The French ban: The Law Society comments
News that France has banned the publication of statistical information about judges’ decisions shocked the legal industry this month. Punishable by a maximum five-year prison sentence, the French legislature is cracking down on litigation analytics in the first ban of its type anywhere in the world.
The new law, known as Article 33 of the Justice Reform Act, is aimed squarely at legaltech companies focused on revealing the pattern of judges’ behaviour in relation to court decisions. “The identity data of magistrates and members of the judiciary cannot be reused with the purpose or effect of evaluating, analysing, comparing or predicting their actual or alleged professional practices,” the law states.
It is understood that the law has been introduced as a middle ground amidst growing demands, in France, for judges’ names to be removed from the online publication of decisions altogether. A compromise it may be, but it is nonetheless a startling reminder of regulatory risk for the burgeoning data analytics sector.
The litigation analytics companies we spoke to, however, appear remarkably sanguine about the implications of the new French law. “It is only one market and only one component of litigation analytics,” said Edward Bird, chief revenue officer at Solomonic. “We have seen no sign that this will be enacted in other markets. We are therefore doubtful of it occurring elsewhere at this time. Furthermore, currently we have no data on the French judiciary and have had no plans to include it.”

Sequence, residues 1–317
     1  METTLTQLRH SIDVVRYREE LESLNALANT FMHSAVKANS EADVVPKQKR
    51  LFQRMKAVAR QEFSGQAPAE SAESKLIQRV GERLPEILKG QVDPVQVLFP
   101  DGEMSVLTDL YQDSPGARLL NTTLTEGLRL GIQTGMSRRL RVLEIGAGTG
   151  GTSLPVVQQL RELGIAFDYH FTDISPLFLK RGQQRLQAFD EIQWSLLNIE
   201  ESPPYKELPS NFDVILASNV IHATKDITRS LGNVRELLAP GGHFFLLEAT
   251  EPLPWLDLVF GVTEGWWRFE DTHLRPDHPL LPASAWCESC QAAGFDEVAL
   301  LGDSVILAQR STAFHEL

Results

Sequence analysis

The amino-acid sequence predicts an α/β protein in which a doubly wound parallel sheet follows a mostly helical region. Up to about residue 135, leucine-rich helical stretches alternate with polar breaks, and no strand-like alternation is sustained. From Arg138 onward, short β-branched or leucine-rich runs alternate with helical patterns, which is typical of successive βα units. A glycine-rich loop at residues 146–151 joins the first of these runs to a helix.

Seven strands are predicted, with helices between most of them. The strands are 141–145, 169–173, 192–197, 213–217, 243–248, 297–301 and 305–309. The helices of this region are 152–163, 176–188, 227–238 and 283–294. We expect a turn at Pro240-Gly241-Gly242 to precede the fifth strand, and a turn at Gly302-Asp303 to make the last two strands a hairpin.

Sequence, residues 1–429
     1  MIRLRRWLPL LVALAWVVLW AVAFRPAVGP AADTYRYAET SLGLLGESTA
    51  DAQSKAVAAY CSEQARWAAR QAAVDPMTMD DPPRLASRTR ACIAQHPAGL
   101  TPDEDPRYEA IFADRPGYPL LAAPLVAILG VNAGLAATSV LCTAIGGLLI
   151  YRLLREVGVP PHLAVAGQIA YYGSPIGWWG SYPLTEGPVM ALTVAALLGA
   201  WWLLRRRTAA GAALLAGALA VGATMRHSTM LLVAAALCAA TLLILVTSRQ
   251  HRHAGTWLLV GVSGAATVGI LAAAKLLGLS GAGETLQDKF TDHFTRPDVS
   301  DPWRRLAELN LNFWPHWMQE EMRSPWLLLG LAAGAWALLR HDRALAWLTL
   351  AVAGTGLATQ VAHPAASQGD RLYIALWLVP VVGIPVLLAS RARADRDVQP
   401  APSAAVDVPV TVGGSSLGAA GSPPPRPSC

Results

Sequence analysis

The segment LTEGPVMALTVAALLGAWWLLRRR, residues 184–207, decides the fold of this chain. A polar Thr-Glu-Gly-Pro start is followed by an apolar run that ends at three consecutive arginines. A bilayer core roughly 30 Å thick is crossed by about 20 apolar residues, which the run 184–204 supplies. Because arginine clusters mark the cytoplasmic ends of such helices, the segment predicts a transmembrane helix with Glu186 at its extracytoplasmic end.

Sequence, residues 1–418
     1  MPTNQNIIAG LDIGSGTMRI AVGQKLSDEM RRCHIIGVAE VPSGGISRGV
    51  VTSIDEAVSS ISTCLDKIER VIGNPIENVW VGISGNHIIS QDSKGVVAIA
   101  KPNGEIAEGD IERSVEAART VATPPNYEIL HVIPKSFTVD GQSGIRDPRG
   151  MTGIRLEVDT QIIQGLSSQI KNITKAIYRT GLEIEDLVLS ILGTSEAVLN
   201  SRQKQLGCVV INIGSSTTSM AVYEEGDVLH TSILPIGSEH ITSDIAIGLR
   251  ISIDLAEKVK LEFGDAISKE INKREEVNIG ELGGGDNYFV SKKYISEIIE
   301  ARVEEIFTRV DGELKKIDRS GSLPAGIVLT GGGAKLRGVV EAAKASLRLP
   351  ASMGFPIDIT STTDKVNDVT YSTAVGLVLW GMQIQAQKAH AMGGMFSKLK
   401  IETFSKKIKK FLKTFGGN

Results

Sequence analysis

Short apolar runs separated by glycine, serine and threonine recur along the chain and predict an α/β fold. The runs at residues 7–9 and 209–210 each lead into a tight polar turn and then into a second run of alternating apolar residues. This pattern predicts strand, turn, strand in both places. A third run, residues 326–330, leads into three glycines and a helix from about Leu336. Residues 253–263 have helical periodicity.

Christina Blacklaws, president of the Law Society of England & Wales, meanwhile, is under no illusion as to the importance of maintaining judicial transparency. “Transparency is key to dispensing justice effectively,” she told Legal IT Insider. “Judgments should always be publicly available and easily accessible. The use of technology to analyse case law and scrutinise decisions has become widespread in both academia and private practice. In England and Wales it contributes to the development of a jurisprudence which is deeply rooted in real life and can take context into account.”
Blacklaws added that any regulation of litigation analytics would, in any case, be difficult to put into practice. “The use of predictive analytics in litigation has become more common in the past few years. Its regulation is a matter of domestic law. However, policing data analytics and patterns will be challenging to enforce.”
This article first appeared in the June Orange Rag – to sign up for your free monthly copy click HERE: http://www.legaltechnology.com//latest-newsletter/